I move that the Bill be read a Second Time. In moving the Second Reading of this Bill I should like to recall to the memory of Dáil Éireann that on the occasion when I first moved the Agricultural Estimate in this House I invited the Dáil to judge of the failure or the success of the agricultural policy of this Government by the measure in which agricultural workers shared in any improvement the farmers derived from the new departure. It gives me some satisfaction then on the second anniversary of that invitation to call the attention of the Dáil to the fact that when this Government took office the minimum agricultural wage over the greater part of this country was £2 10s. 0d. per week with suitable adjustments for one or two special areas; the minimum wage to-day is £3 per week with corresponding adjustments in certain areas. The Bill which I submit now represents a further advantage to be conferred on agricultural workers by statute and, of course, a corresponding burden of expense on the farmers who employ them. The temptation to be charitable with your neighbour's goods is always strong. I submit to Dáil Éireann that there is a duty on any Legislature before they impose a burden by statute on any section of the community to have careful regard to the rights in justice and equity of all parties to the contemplated transaction. Therefore, when I asked myself the question of whether I might properly ask Dáil Éireann to enact this legislation, I had a duty to consider whether those on whom the expense would fall might reasonably be asked to bear the burden.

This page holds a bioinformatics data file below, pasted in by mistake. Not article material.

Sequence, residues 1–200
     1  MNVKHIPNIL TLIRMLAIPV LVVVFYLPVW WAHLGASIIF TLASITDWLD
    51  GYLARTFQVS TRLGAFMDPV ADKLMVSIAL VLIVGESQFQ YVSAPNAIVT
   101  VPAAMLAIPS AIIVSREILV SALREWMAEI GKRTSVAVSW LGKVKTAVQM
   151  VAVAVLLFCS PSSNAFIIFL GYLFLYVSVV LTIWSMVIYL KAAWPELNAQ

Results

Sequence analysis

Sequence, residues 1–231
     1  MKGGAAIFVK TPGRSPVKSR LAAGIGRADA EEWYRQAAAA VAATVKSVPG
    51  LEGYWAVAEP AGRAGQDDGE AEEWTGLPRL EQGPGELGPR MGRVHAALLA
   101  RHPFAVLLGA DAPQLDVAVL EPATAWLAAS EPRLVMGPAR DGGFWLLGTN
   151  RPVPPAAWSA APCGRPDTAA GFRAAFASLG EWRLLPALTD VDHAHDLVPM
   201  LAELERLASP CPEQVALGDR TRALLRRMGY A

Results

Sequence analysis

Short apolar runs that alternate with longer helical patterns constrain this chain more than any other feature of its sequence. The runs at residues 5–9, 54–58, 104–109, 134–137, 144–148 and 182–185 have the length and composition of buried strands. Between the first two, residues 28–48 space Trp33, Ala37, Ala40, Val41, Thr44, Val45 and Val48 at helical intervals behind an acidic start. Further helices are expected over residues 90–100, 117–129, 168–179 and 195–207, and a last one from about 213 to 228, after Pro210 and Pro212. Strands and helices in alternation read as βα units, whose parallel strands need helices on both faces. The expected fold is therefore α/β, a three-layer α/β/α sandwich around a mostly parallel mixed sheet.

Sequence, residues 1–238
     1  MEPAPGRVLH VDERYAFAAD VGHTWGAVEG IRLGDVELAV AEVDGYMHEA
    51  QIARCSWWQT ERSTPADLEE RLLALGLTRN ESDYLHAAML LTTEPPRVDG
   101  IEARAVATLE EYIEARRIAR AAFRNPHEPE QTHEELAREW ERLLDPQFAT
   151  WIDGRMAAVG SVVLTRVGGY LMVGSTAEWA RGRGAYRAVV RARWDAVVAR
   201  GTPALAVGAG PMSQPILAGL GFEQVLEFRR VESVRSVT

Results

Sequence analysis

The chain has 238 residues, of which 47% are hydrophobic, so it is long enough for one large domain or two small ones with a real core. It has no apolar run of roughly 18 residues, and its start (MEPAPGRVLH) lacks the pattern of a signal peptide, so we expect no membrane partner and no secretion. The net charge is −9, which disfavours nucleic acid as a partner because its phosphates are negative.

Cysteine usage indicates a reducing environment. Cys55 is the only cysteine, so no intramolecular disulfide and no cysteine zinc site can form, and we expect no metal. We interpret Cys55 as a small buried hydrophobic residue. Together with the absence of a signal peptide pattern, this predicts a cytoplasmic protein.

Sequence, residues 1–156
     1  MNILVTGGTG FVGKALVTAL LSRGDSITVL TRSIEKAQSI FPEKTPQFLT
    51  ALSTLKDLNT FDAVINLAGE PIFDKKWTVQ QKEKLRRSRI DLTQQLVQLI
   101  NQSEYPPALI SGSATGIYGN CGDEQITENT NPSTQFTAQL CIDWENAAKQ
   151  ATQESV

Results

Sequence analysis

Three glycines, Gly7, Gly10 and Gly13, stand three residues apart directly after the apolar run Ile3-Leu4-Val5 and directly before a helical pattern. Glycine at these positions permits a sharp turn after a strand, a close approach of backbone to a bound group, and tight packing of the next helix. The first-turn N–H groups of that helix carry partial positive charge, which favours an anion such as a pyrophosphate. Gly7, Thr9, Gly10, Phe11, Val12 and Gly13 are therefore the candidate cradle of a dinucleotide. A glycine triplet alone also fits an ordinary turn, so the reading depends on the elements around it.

The minimum rate of agricultural wages has risen by 20 per cent. These agricultural workers, if Oireachtas Éireann passes this Bill, will now have the right to six days' annual leave with pay and the farmers who must meet those two additional charges will have this fund from which to meet it. Before these advantages accrued to the agricultural workers, in 1947, the exports of live cattle from this country were worth £15,629,000. In 1949 they were worth £20,446,000 involving an increase of £4,817,000. In 1947 the export of eggs was worth £1,547,000. In 1949 they were worth £5,230,000, an increase of £3,683,000. Exports of meat and poultry in 1947 were worth £3,128,000. In 1949, they were worth £5,650,000, an increase of £2,522,000. The exports of milk, condensed and dried, and cheese in 1947 were worth £579,000. In 1949 they were worth £1,610,000, an increase of £1,031,000. Exports of chocolate crumb in 1947 were worth £472,000. In 1949, they were worth £1,748,000. Exports of potatoes in 1947 were worth £374,000. In 1949 they were worth £791,000, an increase of £417,000. Exports of raw wool in 1947 were worth £894,000. In 1949, they were worth £1,469,000, an increase of £575,000. So the value of our exports of live cattle has gone up by 30 per cent., of eggs by 231 per cent., of meat and poultry by 80 per cent., of milk, condensed and dried and cheese by 179 per cent., of chocolate crumb by 270 per cent., of potatoes by 111 per cent. and raw wool by 63 per cent. The estimate of agricultural income is not a figure of which one can attempt to speak with precision and you will bear in mind that these figures I am about to give are approximations. We believe them to be reasonably accurate. Subject to that warning, the agricultural income in 1947 was believed to be £78,620,000 and in 1948 it was £87,450,000 and we are not without hope that for 1949 the sum of £100,000,000 will not represent any exaggeration.